I have been tagged by Sam. This is how it works
1. Name the five books (or scholars) that had the most immediate and lasting influence on how you read the Bible. Note that these need not be your five favourite books, or even the five with which you most strongly agree. Instead, I want to know what five books have permanently changed the way you think.
2. Tag five others.
My five are not necessarily books specifically about Scripture, but all of them have deeply impacted how I read the Bible, and some go further, having influenced the whole of my life and faith. Significantly they are all books I read during my ordination training, but I wouldn't want you to think I haven't read anything since then.
1. "Truth is Stranger than it used to be"; J Richard Middleton and Brian J Walsh SPCK 1995.
At the time in training when everything was up in the air, this book was one that helped me catch things as they came back down to earth; things like "What is reality and how do I perceive it", as well as introducing me to words like "meta-narrative". The cover carries a quote from Tom Wright; "All thinking Christians should read this book". Of all the books I read at college this was the one I didn't actually mind reading all of, even though I didn't have to! I re-read it every couple of years, though it's getting a bit dated.
2. "The Post Evangelical"; Dave Tomlinson SPCK Triangle 1995. He wrote this when he was pastoring "Holy Joes", a church that met in a pub. My brother was going to it at the time, indeed DT spoke at my brother's wedding. I don't think I am a Post evangelical (if there ever was such a thing outside London), but I remain influenced by Tomlinson's take on atonement theories, and I particularly warm to his IKEA flat-pack vs Meccano metaphor. Now that he's an Anglican minister, I expect he'd describe himself as an Affirming evangelical, but some would just say he's a liberal.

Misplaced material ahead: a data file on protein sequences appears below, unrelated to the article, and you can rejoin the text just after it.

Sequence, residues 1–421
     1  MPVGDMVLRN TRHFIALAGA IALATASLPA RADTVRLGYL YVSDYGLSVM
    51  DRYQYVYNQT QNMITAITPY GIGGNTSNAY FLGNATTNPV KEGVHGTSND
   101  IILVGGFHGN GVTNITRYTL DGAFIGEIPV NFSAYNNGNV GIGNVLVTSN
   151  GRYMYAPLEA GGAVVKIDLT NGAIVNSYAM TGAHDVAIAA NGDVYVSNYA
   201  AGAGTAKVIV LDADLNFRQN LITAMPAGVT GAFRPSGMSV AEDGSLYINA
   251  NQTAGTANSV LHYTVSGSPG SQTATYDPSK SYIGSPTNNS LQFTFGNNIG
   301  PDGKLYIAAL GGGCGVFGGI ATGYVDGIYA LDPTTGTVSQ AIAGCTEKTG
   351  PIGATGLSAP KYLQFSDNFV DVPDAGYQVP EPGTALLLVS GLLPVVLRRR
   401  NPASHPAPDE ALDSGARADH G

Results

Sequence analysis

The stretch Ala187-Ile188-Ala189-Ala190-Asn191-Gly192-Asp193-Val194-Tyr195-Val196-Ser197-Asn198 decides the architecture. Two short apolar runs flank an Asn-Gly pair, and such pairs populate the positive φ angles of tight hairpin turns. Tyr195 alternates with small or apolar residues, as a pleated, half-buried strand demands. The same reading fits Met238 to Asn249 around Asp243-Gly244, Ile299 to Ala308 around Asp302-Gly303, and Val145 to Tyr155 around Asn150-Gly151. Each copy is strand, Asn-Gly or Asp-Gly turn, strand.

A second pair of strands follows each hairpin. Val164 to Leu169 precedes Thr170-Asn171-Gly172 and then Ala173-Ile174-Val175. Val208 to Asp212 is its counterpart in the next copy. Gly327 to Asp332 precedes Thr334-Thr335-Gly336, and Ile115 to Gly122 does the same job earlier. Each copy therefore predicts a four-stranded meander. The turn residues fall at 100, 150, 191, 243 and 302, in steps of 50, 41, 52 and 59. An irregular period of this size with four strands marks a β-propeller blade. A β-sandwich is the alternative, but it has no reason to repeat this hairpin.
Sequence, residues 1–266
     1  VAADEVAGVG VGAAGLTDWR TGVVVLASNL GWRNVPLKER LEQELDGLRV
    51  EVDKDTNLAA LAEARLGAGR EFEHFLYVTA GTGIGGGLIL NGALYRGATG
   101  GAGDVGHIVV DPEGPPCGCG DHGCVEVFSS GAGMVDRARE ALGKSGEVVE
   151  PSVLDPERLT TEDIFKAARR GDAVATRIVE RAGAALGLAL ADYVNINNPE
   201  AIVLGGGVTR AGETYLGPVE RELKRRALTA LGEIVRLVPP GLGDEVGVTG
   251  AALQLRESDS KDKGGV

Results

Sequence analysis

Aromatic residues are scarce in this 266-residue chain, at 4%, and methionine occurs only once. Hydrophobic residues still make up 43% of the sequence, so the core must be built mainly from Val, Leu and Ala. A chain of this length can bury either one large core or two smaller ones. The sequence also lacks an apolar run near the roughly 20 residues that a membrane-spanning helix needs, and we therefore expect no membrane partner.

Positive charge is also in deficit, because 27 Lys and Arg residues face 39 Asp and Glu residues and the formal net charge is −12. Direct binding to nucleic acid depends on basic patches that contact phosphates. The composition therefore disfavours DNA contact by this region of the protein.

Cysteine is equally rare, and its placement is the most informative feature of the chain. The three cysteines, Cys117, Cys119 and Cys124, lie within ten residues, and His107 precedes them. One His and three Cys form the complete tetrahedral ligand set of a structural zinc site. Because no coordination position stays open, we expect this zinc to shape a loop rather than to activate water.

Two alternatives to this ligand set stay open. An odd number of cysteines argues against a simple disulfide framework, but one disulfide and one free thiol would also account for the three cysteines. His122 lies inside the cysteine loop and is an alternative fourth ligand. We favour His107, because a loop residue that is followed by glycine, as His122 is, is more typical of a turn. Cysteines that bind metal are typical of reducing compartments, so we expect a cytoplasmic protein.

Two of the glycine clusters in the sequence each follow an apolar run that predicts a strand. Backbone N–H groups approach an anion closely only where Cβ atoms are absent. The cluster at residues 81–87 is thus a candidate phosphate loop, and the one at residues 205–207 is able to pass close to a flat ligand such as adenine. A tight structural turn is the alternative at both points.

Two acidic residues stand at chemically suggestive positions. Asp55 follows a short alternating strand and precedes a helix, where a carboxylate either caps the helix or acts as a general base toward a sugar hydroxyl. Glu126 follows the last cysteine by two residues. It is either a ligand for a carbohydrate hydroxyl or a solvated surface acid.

3. "God's Empowering Presence; the Holy Spirit in the letters of Paul"; Gordon Fee 3rd Edition 1995. This is the only one that is purely and specifically about the text, being a systematic and comprehensive treatment of Paul's references to the Spirit. In that sense, it's not really a book you read from cover to cover; it lives next to my copy of Brueggemann's Theology of the Old Testament, and so is classified really as a reference book or Bible dictionary type thing. Sounds a bit dry, but its impact was that it was the first book from a charismatic perspective that I found that told me there are other authentic, faithful ways of reading Paul on gender roles than what Grudem says.
4. "The Prophetic Imagination"; Walter Brueggemann Fortress 1978. I could have put "Texts under negotiation" or "Biblical perspectives on Evangelism". All had a big impact on the way I studied Scripture academically while also going through big changes in my own life and faith. Best thing about these - they're short!
5."God's Home Page"; Mike Riddell BRF 1998. Less academic, more fun and more relevant to where I found myself the year it came out - about to start in ministry. Next week is the 10th anniversary of my priesthood, so I probably ought to read it again, along with Pete Ward's "Mass Culture."
A lot of influence on how I read the Bible actually came from people and places, not just books. For example the single greatest influence was a pilgrimage to the Holy Land; another huge thing was doing a course based around the Spiritual Exercises of St Ignatius of Loyola. Naturally also the greatest influence on how I read and interpret Scripture is the place in which I am reading and preaching it. That doesn't mean I am simply recontextualising Biblical Truth, it just means as I seek to understand the Bible here, here is unavoidably a huge influence on how (but not always what) I understand.
So I tag Michael W, Kurt, Malcolm, AnneDroid and Howard.